More specifically, the Tumblr script decides whether to post by comparing a random number to a probability calculated based on the current length of the extra material archive. The script uses an exponential decay curve to affect how likely it is that the script posts: the more material is built up, the more likely it is that the material will be posted when the script rolls the dice to determine whether or not the material gets shipped out. If there are fewer than three thousand characters waiting to go out, the chances of them doing so on any iteration of the script are zero, but the probability doesn't actually reach certainty until there are a bit over 1.5 million characters waiting to go out. (Practically speaking, of course, running the script, and therefore rolling the dice, twice a day with gradually increasing probability of posting means that the extra material archive should never get anywhere near that large.)
When the script decides to post, it decides on a title (currently
Discourse of [Date]), a slug (the end of the Tumblr post's URL), the text of a Twitter annoucement, and a set of tags for the post. Then it sends them off to Tumblr using the pytumblr library.
Overall, then, the process looks like this:
/150/generate.py, runs six times a day, posting tweets to @IrishLitTweets. Extra material that's rejected for being the wrong length accumulates on my hard drive in
lenis the current length of the extra material archive, in bytes. If the random number is less than the number from the probability calculation, then:
crontab line that runs the script twice a day:
0 4,16 * * * /home/patrick/.Enthought/User/bin/python /IrishLitDiscourses/discourse-generate.py
And here's the line from
/etc/anacrontab line that makes sure the script runs at least once on any day that my laptop is on for at least half an hour:
1 30 IrishLitDiscourses.daily /home/patrick/.Enthought/User/bin/python /IrishLitDiscourses/discourse-generate.py
I'm planning on posting other DadaDodo-generated discourses from time to time based on statistical analyses of other texts about Irish literature. It will be a bit before this happens, because there are other tweaks that I want to make first, but there's a lot of material out there that could be run through DadaDodo and used as the basis for these
guest lectures by historical figures. It's likely, for instance, that an early set of guest lectures will be based on Matthew Arnold's The Study of Celtic Literature. Suggestions are welcome, especially if you can point to source texts for analysis; let me know on Twitter if you've got a good idea.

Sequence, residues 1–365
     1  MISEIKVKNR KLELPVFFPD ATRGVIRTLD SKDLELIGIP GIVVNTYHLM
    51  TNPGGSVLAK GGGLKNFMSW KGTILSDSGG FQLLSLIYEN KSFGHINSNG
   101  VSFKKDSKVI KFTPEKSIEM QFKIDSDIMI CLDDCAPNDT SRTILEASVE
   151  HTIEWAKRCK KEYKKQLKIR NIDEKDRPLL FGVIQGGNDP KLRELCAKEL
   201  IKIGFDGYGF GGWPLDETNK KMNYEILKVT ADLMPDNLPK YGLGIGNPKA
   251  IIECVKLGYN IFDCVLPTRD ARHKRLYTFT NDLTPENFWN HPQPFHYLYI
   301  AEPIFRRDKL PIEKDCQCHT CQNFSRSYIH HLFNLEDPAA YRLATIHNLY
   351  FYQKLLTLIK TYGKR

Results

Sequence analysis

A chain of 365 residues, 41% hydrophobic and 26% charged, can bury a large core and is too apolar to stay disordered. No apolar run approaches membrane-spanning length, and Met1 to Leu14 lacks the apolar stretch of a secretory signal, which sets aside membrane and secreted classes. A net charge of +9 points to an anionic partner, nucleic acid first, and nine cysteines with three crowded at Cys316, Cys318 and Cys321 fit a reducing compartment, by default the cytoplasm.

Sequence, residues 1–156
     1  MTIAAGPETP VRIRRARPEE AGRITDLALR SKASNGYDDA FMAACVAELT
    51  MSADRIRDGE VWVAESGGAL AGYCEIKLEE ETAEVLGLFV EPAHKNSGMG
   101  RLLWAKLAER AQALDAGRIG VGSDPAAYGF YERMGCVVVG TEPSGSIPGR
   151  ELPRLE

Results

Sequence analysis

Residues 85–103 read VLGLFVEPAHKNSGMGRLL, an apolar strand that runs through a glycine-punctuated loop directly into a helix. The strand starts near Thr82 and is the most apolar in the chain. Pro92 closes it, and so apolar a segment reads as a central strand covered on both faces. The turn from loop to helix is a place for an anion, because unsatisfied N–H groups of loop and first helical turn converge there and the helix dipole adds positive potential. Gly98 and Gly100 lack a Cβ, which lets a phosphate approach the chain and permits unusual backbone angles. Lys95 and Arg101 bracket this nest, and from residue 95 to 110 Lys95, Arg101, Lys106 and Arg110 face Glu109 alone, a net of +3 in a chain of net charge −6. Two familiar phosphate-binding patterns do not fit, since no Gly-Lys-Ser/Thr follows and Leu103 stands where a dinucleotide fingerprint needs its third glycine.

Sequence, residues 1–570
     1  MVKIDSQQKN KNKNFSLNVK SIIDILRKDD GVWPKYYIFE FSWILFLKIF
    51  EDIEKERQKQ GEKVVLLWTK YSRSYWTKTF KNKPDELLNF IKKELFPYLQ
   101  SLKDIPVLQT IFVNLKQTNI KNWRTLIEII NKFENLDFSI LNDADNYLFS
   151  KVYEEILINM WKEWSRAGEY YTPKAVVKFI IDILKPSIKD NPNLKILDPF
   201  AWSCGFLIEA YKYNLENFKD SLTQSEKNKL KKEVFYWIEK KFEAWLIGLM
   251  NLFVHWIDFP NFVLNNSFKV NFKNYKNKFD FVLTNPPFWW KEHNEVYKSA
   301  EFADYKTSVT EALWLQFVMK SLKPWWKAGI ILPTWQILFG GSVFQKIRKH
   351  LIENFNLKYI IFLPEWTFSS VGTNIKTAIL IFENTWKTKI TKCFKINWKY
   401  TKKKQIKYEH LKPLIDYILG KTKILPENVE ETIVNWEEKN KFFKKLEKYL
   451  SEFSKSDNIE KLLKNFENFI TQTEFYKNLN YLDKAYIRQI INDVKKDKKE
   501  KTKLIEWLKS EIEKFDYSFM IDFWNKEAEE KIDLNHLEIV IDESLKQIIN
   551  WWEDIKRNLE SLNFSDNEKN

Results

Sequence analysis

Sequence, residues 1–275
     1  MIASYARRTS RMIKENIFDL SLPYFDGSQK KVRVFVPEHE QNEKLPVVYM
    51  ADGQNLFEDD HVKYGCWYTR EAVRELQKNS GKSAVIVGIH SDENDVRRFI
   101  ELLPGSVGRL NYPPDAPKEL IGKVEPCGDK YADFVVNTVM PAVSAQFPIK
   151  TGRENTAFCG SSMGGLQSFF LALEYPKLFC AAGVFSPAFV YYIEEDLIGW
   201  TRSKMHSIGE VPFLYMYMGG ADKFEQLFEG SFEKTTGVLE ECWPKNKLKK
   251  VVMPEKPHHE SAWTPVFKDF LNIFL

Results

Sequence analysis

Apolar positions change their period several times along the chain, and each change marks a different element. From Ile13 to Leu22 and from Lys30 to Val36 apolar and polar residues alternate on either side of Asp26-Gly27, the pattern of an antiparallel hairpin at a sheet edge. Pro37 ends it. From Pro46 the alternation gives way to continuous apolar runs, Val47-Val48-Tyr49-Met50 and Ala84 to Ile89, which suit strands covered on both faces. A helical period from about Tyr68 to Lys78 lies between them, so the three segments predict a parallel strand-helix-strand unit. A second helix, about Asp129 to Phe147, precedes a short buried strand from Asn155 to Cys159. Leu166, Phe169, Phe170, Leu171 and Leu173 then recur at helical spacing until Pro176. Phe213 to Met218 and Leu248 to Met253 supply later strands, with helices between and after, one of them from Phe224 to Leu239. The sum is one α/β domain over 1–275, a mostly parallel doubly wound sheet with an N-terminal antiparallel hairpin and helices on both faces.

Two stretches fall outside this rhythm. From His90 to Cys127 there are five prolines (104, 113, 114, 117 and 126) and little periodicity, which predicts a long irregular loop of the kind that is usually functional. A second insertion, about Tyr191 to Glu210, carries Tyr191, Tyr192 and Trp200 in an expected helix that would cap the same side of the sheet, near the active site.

He talked after Getting a pair; going to say in.
— Irish Lit AutoTweets (@IrishLitTweets) December 31, 2013
What's actually going on here? Though I don't read C and can't evaluate the source code here, my best guess, based on DadaDodo's documentation, is that the code has stripped out punctuation and noticed that the word
Getting, with that capitalization, after punctuation has been stripped, follows the word
after at least once in the original corpus, and so, while traversing the chains generated from the base corpus and landing on
rolls the dice and selects
Getting, with that particular capitalization. What I'd actually prefer, as a first-order approximation, is for the program to notice that some words are always capitalized and treat them as proper nouns, and only to capitalize other words when they appear at the beginnings of sentences. Of course, this is hardly an ideal solution for a lot of reasons, so I'd also be happy to have the program treat various types of capitalization as completely different words and pay more attention to when various words occur in the original corpus — noticing, for instance, that some words only ever occur at the beginning of sentences. One way or another, though, the current system would benefit from finding a way to avoid producing inappropriately capitalized words in the middle of sentences.